- Payment methods, such as using mobile phones to pay at check-outs, are being utilized to avoid touching a surface or stylus.
There are many articles catapulting out of their respective approval pipelines that address consumer trends and as astonishing as it may seem, the ones presented in this piece represent only an extremely small tip of the coronavirus-related-emerging-trends glacier.
How should employers react
Of all the articles written to help guide employers toward the survival and growth of their brand, Brand Marketing Through the Coronavirus Crisis is one of the most heartfelt and knowledgable responses to the world’s current crisis. This article advises companies to respond in the following five manners:
1.) Present with empathy and transparency
- Article’s point: “The nuances of brand voice are more delicate than ever. Brands that use this time to be commercially exploitative will not fare well.”
- Takeaway: This is a time to make consumers feel cared for and their struggle acknowledged.
2.) Use media in more agile ways
- Article’s point: Be creative and have a streamlined process for changing and communicating messages quickly. Avoid over-exposure to messages as more and more people spend their day on social media and are digitally connected more waking hours than ever before.
- Examples: Nike’s new message: “Play inside, play for the world”
Chiquita Brands: Removed Miss Chiquita from their logo, and created an Instagram caption that said, “I’m already home. Please do the same and protect yourself.”
- Examples: Nike’s new message: “Play inside, play for the world”
- Takeaway: The companies who use media to articulate their ever-evolving, coronavirus-inspired message swiftly and cleverly will rise to the top.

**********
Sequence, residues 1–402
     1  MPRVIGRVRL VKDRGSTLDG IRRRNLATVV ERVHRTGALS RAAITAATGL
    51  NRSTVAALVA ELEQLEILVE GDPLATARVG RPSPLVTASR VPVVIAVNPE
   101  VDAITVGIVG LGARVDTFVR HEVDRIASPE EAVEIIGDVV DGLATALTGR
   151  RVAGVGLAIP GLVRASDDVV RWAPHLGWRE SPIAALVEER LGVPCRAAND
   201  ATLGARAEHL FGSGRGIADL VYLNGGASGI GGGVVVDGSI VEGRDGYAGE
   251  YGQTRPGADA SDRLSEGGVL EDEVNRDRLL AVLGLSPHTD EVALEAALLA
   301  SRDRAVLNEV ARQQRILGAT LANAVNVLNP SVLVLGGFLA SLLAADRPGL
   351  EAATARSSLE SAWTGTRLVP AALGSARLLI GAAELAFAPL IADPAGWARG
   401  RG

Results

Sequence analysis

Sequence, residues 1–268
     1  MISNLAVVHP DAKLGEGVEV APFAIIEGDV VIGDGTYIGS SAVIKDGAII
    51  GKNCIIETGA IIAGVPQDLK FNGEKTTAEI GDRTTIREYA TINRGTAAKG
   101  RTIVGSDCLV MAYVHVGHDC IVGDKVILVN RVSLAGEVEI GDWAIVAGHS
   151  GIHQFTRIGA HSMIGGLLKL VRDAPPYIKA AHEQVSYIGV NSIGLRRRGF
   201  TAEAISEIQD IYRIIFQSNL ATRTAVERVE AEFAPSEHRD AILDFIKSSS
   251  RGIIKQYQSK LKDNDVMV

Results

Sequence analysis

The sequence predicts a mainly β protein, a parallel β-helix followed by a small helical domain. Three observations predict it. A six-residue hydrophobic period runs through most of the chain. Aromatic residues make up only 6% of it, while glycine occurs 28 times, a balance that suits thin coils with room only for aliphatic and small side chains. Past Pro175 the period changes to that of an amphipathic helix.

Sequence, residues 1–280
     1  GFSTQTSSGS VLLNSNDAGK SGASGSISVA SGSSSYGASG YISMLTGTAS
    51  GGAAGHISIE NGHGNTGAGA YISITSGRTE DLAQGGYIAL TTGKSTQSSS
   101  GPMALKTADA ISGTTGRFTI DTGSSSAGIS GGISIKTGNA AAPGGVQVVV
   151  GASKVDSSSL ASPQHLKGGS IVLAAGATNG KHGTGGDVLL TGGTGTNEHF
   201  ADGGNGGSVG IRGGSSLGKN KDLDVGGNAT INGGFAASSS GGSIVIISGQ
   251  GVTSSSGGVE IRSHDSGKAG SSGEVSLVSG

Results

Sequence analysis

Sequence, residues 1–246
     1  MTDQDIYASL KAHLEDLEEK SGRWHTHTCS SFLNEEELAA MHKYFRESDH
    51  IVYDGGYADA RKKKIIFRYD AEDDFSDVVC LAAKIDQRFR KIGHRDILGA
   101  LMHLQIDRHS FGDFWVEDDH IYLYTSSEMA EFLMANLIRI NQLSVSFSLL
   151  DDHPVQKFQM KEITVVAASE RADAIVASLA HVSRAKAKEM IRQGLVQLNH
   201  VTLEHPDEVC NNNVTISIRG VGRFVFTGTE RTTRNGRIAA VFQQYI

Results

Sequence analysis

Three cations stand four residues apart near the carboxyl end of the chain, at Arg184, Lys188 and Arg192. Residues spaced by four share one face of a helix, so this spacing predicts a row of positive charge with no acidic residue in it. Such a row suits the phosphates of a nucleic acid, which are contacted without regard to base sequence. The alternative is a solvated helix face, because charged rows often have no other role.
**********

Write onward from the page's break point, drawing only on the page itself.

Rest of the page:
3.) Associate your brand with good
- Article’s Point: Acts of good win out in times of crisis.
- Takeaway: Maya Angelou was right: “People will forget what you said, people will forget what you did, but people will never forget how you made them feel.”
4.) Track trends and build scenarios
- Article’s point: Tracking sentiment and consumption will help companies with predictions and plans.
- Takeaway: Businesses can not wait for trends to be reported to act. The businesses that see trends as they occur will better predict their next steps.
5.) Adapt to new ways of working to keep delivering
- Article’s point: Embrace the new normal and the law. Work remotely best you can and with as much communication among all employees and departments of the company as possible.
- Takeaway: Businesses who innovate quickest and restructure their traditional way of operating and reporting will experience lesser growing pains from transitioning to remote workspaces and social distancing measures than those companies who drag their feet.
Consumers are changing the rules
One thing is certain, and that’s the fact that consumers have always called the shots and now is no different. Consumers directly affect the demand for both products and services, and that is never going to change. They are setting trends, and some of those trends will remain long after people forget how to spell coronavirus.
Employers who respond to these trends with heart, transparency, and creativity will increase their odds of not only survival, but also their likelihood of thriving.
Author: Evelyn Lindell